Grounds for divorce

What does Grounds for divorce mean?

Historically, in an attempt to reduce and eliminate divorce, states required a spouse to prove one of the three traditional grounds for divorce: adultery, desertion or extreme cruelty. Many states began enacting what are called "no-fault" divorce laws in the 1970s and 1980s. By 2010, all states had enacted no-fault divorce laws, although couples must still provide a ground for divorce in each state.

Grounds for a legal divorce vary by state. After the implementation of no-fault laws, common grounds for divorce include adultery, cruel and abusive treatment, desertion, long-term incarceration, confinement in a mental hospital, drug or alcohol addiction, deviant sexual conduct, impotency and an irretrievable breakdown of the marriage. In some states couples can also divorce on the no-fault ground of dwelling in separate habitations for a period of 18 months with no reasonable prospect of reconciliation.

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Divorce Law Attorneys near Ashburn VA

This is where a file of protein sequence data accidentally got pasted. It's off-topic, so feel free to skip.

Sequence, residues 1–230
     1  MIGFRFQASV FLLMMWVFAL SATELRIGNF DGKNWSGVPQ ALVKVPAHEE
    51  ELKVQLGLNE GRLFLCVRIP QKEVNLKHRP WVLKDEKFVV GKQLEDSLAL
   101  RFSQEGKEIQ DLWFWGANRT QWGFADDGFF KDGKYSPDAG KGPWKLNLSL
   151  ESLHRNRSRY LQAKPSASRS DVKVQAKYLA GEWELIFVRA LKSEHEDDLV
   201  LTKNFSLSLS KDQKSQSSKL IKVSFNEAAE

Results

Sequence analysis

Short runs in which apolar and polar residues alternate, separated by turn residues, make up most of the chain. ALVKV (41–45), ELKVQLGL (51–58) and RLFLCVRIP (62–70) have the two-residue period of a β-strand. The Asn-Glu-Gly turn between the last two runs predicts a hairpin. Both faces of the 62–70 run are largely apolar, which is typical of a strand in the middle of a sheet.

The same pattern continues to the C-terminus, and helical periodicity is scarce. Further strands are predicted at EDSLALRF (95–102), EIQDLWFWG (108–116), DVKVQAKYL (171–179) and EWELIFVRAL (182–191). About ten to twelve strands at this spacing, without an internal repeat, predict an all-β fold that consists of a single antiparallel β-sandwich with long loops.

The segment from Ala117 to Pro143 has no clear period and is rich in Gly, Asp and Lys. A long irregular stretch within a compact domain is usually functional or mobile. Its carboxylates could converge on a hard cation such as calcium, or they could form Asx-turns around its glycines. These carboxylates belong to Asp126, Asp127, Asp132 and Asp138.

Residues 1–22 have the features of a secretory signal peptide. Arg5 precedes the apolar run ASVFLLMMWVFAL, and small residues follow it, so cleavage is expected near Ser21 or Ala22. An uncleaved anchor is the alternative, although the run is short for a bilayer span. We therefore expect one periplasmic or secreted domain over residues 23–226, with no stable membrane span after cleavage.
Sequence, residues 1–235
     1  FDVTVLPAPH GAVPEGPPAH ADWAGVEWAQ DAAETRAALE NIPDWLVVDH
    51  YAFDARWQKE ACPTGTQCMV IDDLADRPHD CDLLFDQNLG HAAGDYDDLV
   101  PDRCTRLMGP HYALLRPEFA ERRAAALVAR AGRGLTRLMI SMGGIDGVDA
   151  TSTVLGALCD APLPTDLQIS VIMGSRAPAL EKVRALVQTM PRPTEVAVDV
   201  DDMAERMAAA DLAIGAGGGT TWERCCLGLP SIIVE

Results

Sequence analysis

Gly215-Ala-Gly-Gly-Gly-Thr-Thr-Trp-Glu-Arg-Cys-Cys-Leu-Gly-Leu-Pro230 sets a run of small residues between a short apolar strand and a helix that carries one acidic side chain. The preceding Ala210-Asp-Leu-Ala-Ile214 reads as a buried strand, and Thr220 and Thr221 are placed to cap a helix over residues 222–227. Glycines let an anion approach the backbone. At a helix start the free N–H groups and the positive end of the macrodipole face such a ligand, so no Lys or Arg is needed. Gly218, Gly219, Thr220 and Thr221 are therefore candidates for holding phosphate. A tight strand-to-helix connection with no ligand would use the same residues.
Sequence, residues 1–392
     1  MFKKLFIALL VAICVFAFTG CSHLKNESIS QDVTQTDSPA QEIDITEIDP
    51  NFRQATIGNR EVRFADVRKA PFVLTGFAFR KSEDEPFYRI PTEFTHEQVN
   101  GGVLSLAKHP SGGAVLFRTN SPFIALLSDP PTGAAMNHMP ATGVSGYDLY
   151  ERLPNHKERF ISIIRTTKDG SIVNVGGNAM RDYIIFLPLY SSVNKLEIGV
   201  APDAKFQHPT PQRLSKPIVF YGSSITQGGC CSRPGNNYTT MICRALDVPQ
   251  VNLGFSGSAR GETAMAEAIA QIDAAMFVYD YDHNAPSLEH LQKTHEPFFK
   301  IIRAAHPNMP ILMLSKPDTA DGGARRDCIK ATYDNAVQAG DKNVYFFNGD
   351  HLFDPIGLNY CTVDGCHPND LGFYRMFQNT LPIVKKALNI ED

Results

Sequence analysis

Dannenbaum Law Firm

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2300 Clarendon Blvd
Suite 607 Arlington, VA 22201

Divorce Mediation Associates

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11702 Bowman Green Dr
Ste 200 Reston, VA 20190

Duff & Kronfeld, P.C.

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11320 Random Hills Road
Fairfax, VA 22030

Andrews Law Firm

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122 North Alfred Street
Alexandria, VA 22314

Livesay & Myers, P.C.

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1515 N Courthouse Rd #710
Arlington, VA 22201

Term of the Day

Adhesion Contract

An adhesion contract is a bargaining agreement between two parties, of which one party creates the contract to fit their own advantages, benefits, or wishes.

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